(b Spring Hill, PA, Jan 21, 1887; d Whittier, CA, July 3, 1960). American gospel composer and editor, brother of Bentley DeForest Ackley. He studied harmony and composition in New York and London, and later became an accomplished cellist. Ackley was ordained by the Presbyterian Church in 1914...
Thomas Henry Porter
(b Spring Hill, PA, Sept 27, 1872; d Winona Lake, IN, Sept 3, 1958). American gospel music composer and editor, brother of Alfred H(enry) Ackley. He learned to play several instruments, including melodeon, piano, reed organ, alto horn, cornet, piccolo, and clarinet. He studied shorthand and typing and then worked as a stenographer in New York and Philadelphia. Several of his secular songs were published in the 1890s. From 1908 to 1915 Ackley was pianist and private secretary to the evangelist Billy Sunday, and during this period he began to compose gospel songs. In 1910 he and Homer A. Rodeheaver founded the Rodeheaver–Ackley publishing company in Chicago, which became the Rodeheaver Co. the following year. He worked for the firm as a composer and editor until his death; with his brother and Charles H. Gabriel, he provided many of the firm’s copyrighted publications. More than 2000 of Ackley’s gospel songs were published, including “If your Heart Keeps Right” (...
(b Maynardville, TN, Sept 15, 1903; d Nashville, TN, Nov 23, 1992). American country singer-songwriter and publisher. He was first influenced by traditional music heard at home, much of it British, and by music at the church where his father was the pastor. His Southern Baptist heritage became evident in the mournful, wailing style of his vocals. A keen sportsman, he was denied a professional athletic career through ill-health, but learnt to play his father’s fiddle. His early career was in so-called medicine shows, and radio appearances with local musicians led to the formation of his first group, the Tennessee Crackerjacks. His first record followed in 1937, and he made his début on ‘The Grand Old Opry’ radio show, subsequently becoming a regular contributor as Roy Acuff and the Smoky Mountain Boys. His recording of the Carter family classic Wabash Cannonball earned him a gold disc and led to nationwide tours as well as work in Hollywood....
Gary W. Kennedy and Barry Kernfeld
[Wilton Jameson ]
(b New Albany, IN, July 21, 1939). American educator, publisher, record producer, and saxophonist. He performed locally from the age of 15 and while studying at Indiana University (BM 1961; MM 1962) led groups that worked in southern Indiana and Kentucky. Having taught music education at Indiana University Southeast (1967–9) and classical saxophone at the University of Louisville (1970–72), in the early 1970s he established a week-long jazz workshop (or “jazz camp”) held during the summer; by the late 1990s the workshop took place twice annually. Aebersold also presented workshops in other countries, including Australia, Germany, England, Scotland, Denmark, and Canada. In 1992 he received an honorary doctorate in music from Indiana University and began teaching jazz improvisation at the the University of Louisville.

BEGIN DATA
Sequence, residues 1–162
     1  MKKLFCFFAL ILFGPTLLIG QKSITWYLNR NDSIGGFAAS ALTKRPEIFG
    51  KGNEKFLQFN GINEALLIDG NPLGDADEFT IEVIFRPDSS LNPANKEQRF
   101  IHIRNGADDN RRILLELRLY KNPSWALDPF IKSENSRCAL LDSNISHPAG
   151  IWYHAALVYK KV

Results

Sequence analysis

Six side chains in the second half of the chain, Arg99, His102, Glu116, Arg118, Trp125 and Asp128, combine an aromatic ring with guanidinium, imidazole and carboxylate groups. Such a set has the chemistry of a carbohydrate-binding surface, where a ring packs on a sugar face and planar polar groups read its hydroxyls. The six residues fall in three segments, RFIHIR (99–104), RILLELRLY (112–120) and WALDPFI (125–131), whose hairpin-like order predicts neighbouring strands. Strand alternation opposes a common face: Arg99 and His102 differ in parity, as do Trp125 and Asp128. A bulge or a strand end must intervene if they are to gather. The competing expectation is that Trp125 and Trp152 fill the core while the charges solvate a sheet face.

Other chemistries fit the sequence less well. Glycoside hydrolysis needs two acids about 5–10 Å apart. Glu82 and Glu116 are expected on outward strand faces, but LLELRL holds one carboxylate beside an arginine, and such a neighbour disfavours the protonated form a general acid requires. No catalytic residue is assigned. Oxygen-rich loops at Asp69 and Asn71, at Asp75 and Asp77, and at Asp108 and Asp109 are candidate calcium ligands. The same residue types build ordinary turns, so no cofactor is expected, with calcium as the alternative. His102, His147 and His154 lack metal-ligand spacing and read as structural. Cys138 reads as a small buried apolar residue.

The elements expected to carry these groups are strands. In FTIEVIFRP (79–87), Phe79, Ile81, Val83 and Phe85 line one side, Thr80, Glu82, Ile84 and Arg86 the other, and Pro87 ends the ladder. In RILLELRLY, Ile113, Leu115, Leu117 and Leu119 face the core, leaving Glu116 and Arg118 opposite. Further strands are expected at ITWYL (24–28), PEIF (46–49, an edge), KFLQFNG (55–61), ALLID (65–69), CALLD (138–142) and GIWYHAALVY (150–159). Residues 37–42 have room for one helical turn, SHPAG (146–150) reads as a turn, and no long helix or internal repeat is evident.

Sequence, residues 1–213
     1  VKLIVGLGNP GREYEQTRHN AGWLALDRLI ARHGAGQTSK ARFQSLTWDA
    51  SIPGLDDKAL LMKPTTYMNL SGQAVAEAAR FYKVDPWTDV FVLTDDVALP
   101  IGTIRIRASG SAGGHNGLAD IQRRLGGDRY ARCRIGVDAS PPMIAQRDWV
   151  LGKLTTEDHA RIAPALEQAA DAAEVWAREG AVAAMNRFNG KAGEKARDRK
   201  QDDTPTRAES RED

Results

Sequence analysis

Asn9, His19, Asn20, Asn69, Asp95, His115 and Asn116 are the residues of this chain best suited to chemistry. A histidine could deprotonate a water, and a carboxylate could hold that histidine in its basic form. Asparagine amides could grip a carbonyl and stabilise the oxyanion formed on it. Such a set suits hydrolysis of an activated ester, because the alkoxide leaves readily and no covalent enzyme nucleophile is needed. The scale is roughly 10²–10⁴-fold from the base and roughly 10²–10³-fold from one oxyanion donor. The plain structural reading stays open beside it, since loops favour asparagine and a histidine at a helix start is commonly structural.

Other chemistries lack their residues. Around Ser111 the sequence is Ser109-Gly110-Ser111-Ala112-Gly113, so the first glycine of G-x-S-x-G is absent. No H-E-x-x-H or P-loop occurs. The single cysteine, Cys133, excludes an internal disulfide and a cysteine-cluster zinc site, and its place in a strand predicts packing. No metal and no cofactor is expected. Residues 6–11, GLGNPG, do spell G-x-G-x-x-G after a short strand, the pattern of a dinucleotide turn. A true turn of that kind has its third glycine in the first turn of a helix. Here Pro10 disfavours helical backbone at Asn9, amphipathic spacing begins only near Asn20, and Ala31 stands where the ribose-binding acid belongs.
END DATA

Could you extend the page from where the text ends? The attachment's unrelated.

In addition to his principal instrument, Aebersold plays piano and double bass, but he is far better known as an educator than as a performer. In ...
Carolyn Gianturco and Teresa M. Gialdroni
(b Mosso Santa Maria, nr Biella, Jan 31, 1921). Italian musicologist. He took diplomas in piano at the Parma Conservatory (1942) and in choral music at the Turin Conservatory (1948), and studied music history with Della Corte at Turin University, where he took an arts degree (1946). He subsequently taught music history in the conservatories of Bolzano (1950–51), Parma (1951–5) and Milan (1954–88); he has edited the journals Almanacco musicale italiano (1954–5), Ricordiana (1955–7) and Musica d’oggi (1958–63) and has been vice-director of Enciclopedia della musica Ricordi (1960–64). He has been a consulting editor for Ricordi since 1964. Music education is one of his major interests: he became director of the series Manuali di Didattica Musicale and Canti nel Mondo (Ricordi) in 1965, and editor of Educazione musicale...
Peter Andreas Kjeldsberg
revised by Martin Anderson
(b Fredrikstad, April 29, 1872; d Oslo, Dec 24, 1932). Norwegian composer, conductor and organist. He studied with Peter Lindeman (organ) and Iver Holter (harmony, counterpoint and composition) at the Christiania Music and Organ School (1888–92), and was then a pupil of Reinecke (composition) and Ruthard (piano) at the Leipzig Conservatory (1892–4). Appointments as organist followed in Drammen (1895–1907) and Oslo (1907–32), where he served at the cathedral from 1916; his First Symphony was completed during a course of study in Berlin in 1897. He was one of those responsible for the foundation of the Norsk Komponistforening, of which he was president from 1921 to 1923. As a member of the Koralbokkomiteen (1922–6) he harmonized most of the melodies in the chorale book of the Norwegian Church, and he edited preludes to all of the chorales. He was active as a choir-conductor, leading the Håndverksangforening (...